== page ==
JEFFERSON -- Eric Gipson doesn't have to look far for football advice.

The 2019 Jefferson defensive end just has to ask his father. Charles Gipson was a star defensive end for the Bulldogs in the early 1990s and competed in the state track meets in 1990 and 1991.

Gipson said his father has been there for him throughout his football career.

“He always tells me to give 100 percent whatever I’m doing," Gipson said. "If I’m not doing that, I’m not giving my team my full potential.”

Although Charles Gipson had a few offers to play college football, he turned them down to join the army. His son will likely follow a different route.

Gipson took Defensive MVP at the ETSN/APEC combine on May 20, running a combine-best 4.43 40-yard dash. He also placed in the top 10 in vertical jump (33.5") and pro agility (4.28) drills. He already holds FCS offers from Arkansas-Pine Bluff, McNeese State and Northwestern State with more likely to come. He said Boise State, Texas Tech, Texas State and Louisiana Monroe have also expressed interest.

“Eric probably has more raw talent than anybody around here," coach Antwain Jimmerson said. "His talent is not as refined as (Jefferson receiver) T.Q. (Jackson)'s, but he’s got it. We feel like he’s going to take off. He’s going to be a kid that’s easily going to get to school and gain 20 pounds."

At 6-1, 195 pounds, Gipson is slim for a defensive end. That didn't stop him from racking up 137 tackles, 25 tackles for loss and 10 sacks this past season, his first at DE. Despite the success, he projects as a linebacker or safety at the next level and his biggest goal this offseason is adding weight.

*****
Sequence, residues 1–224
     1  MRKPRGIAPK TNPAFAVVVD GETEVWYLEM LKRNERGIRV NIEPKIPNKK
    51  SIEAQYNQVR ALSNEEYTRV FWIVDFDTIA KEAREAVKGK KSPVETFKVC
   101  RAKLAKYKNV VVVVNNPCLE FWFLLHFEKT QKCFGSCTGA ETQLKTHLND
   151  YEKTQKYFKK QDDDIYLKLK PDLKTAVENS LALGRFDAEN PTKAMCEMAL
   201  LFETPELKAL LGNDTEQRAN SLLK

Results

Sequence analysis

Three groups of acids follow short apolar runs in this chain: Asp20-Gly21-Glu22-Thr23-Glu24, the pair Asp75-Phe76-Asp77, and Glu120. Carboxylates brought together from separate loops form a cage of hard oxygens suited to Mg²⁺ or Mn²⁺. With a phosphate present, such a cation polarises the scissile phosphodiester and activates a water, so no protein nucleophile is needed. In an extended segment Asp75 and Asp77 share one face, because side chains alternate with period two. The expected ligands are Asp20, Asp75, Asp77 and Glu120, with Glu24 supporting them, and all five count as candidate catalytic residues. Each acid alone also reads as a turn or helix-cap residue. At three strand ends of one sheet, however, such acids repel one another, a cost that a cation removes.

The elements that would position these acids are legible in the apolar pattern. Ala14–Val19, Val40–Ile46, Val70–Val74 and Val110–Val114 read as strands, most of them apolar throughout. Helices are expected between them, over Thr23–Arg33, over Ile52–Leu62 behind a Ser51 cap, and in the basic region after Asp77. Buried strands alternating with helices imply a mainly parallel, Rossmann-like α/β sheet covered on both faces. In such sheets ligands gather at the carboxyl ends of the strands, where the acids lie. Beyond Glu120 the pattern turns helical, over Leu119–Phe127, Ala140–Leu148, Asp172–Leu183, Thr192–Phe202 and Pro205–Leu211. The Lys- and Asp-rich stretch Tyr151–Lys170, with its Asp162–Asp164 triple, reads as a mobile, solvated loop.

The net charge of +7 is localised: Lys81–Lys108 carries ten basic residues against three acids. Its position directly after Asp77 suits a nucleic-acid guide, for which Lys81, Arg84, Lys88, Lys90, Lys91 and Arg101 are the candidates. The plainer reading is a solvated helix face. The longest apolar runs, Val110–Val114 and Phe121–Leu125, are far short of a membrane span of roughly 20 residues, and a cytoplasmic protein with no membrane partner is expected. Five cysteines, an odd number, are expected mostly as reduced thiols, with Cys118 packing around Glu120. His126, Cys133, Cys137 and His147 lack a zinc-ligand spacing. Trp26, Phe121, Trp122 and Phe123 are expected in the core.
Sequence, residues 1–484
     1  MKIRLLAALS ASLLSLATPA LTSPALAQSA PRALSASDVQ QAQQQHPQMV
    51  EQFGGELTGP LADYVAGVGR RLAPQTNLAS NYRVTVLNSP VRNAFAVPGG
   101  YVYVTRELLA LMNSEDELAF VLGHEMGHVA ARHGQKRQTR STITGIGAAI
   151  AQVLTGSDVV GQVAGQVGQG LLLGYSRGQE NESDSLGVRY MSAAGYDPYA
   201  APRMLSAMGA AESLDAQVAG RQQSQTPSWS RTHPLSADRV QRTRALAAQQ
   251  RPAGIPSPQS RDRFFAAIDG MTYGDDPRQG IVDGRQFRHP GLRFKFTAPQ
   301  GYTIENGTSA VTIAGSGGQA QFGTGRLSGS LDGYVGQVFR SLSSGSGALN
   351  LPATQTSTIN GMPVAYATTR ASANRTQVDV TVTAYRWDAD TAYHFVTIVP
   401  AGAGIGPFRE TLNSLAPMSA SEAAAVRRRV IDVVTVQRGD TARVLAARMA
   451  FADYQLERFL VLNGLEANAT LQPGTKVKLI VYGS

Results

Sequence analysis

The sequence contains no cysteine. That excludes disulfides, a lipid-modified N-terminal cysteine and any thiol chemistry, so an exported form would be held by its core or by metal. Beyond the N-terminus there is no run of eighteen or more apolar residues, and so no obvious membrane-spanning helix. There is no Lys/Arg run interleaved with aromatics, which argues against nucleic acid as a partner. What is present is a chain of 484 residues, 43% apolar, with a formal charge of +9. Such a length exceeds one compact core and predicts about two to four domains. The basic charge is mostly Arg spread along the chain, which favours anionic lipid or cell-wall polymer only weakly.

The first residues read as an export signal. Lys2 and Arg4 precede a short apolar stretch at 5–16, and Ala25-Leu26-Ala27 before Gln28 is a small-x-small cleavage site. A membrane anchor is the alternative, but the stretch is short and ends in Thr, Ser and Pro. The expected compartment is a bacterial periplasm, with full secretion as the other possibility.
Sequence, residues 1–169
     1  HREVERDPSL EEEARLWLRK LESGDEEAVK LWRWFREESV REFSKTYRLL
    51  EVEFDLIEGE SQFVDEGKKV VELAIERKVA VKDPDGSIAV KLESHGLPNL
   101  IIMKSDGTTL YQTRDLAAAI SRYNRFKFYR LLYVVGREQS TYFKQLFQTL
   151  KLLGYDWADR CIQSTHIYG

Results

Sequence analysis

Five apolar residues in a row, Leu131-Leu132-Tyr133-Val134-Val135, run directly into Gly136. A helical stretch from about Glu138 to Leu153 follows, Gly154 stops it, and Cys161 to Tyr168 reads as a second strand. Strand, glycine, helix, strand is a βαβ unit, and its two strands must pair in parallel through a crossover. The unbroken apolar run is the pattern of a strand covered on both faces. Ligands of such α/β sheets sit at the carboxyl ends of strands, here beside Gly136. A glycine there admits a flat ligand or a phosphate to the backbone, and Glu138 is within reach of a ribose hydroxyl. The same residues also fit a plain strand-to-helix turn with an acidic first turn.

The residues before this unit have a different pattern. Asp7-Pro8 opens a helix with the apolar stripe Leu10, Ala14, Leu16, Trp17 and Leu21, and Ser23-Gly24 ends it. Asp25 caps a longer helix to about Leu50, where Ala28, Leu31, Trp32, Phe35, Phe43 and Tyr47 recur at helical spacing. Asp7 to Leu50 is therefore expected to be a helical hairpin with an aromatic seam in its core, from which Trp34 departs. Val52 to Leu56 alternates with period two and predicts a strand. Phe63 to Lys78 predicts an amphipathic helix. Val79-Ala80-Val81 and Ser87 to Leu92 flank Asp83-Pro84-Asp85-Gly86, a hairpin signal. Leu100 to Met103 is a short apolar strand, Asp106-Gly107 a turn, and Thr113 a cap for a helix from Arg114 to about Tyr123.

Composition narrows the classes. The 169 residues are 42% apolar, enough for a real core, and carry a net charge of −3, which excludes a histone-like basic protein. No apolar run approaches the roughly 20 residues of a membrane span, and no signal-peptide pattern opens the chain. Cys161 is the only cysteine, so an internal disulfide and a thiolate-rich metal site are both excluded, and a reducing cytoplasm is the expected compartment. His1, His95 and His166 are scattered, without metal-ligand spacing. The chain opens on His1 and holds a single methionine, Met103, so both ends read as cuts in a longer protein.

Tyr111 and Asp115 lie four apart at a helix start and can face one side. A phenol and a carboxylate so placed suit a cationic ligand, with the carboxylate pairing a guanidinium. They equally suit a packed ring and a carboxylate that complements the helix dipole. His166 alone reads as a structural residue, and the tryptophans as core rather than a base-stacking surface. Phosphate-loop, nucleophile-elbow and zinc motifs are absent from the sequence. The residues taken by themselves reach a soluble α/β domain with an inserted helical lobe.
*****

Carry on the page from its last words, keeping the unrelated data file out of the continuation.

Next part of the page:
Part of his size can be attributed to his unrelenting athletic schedule. In addition to football, Gipson plays basketball and runs track. He also competes in 7-on-7 football and summer league basketball during the offseason. Most days he has little time for weight training.

"I keep myself pretty busy," he said. "It’s hard for me to keep weight on because I play so many sports.”

That should change once he reaches college and football becomes his sole athletic focus. It's part of what makes him such an intriguing prospect. If he adds the weight and retains his speed, he could be a steal.

When Gipson isn't playing football, he is usually riding his horses. He and his father make the drive every day to their barn to feed them. It's a routine they've shared since Gipson was three.

"I’ve grown up around them," he said. "It’s a thing I love. If I’m stressing or anything, that’s probably where you’ll see me. At a barn.”

Jefferson finished 10-2 in 2017, falling in the area round of the playoffs to Farmersville. It was a disappointing end to a season in which the Bulldogs started 8-0.

Jefferson returns plenty of offensive firepower, with its leading receiver, running back and starting quarterback all returning. However, it loses three of its top five tacklers and its interceptions leader.

Because of the turnover, Gipson will be called upon to step into a leadership role.

“He knows how tough it’s going to be," Jimmerson said. "We want to depend on some guys that don’t have a lot of varsity reps. I think that’s going to be the major key for him. Being able to help our other kids come on."

It's a challenge he's willing to accept. In fact, he said leadership is one of the attributes he hopes to bring to a college next fall. Time will tell, but it seems Gipson is trending up with no sign of stopping.

"I always have a positive vibe," he said. "I know how to lead my time in the right direction. When it’s crunch time, you can always lean on me.”

East Texas 25 Class of 2019